He's gone forever.

My ADHD husband suddenly and unexpectedly passed away three weeks ago at the age of 57.  There will forever be unresolved issues that I will have to find a way to let go of now.  So many things I don't understand about all of his negative behaviors and actions.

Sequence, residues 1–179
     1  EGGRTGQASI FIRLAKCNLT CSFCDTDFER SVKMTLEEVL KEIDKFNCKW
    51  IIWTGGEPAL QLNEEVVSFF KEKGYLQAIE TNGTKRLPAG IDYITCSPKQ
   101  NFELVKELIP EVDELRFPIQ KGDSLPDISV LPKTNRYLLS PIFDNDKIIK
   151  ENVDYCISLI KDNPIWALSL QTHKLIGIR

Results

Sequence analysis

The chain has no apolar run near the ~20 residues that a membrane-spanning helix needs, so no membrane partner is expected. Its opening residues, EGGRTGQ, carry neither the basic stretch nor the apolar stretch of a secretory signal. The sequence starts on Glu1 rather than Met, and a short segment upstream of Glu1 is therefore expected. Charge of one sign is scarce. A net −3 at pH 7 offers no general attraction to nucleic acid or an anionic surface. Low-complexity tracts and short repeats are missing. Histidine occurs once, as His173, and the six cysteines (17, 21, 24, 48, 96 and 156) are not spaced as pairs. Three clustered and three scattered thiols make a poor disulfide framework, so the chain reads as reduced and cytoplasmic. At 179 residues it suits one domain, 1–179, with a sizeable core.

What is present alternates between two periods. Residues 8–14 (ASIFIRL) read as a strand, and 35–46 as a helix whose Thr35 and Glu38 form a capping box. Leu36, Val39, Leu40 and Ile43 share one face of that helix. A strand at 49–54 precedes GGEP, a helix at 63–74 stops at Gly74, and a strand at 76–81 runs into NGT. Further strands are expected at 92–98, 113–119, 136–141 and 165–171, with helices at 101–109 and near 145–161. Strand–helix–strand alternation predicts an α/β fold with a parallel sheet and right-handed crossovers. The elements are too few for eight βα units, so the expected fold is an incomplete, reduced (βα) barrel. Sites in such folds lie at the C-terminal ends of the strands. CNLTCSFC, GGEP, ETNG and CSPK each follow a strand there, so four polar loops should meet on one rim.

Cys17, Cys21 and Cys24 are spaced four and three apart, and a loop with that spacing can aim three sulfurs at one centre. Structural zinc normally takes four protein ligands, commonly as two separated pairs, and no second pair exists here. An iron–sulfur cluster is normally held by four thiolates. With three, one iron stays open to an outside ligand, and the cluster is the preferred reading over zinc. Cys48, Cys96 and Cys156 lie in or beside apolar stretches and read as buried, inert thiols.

I swing between being swallowed up with grief and extreme anger.  His life was always chaos and so it remains so in his death.  Dozens and dozens of unfinished house projects, many of them major and will be costly to have finished.  Boxes upon on boxes of his papers to sort through.  A basement, garage and a shed full of so much junk and in such disarray that repair services won't come in to fix an electrical issue.  I've been advised to seek the services of a professional service to sort through it all.  Most of it is worthless.   Even though I took care of our monthly bills, he kept other things a secret, using his work email for our life insurance and retirement accounts, which his employer deleted upon the notification of his death and there's no access to those emails now. The mortgage company tells me he didn't turn in the proper paperwork when we refinanced our home in the Spring, he hadn't returned any of their messages or returned the corrected documents and now there will be legal issues with our home and the deed.  I don't know where I'll even be living six months from now, the court will have to sort it out. There are constant fires to put out and a paper trail to chase down to get things in order.  His family and adult children didn't want any part of his memorial service or give any input into what they would like.  Only one of his family called, none of them sent flowers and none of his family offered condolences or even sent a card.  He alienated himself and to a degree he alienated me from friends and family because of his negativity...And all the lies he told.   We talk about the issues and chaos when they're alive but no one talks about the ramifications and unresolved issues after their death.  He's gone now, forever, but the chaos remains in the midst of the grief.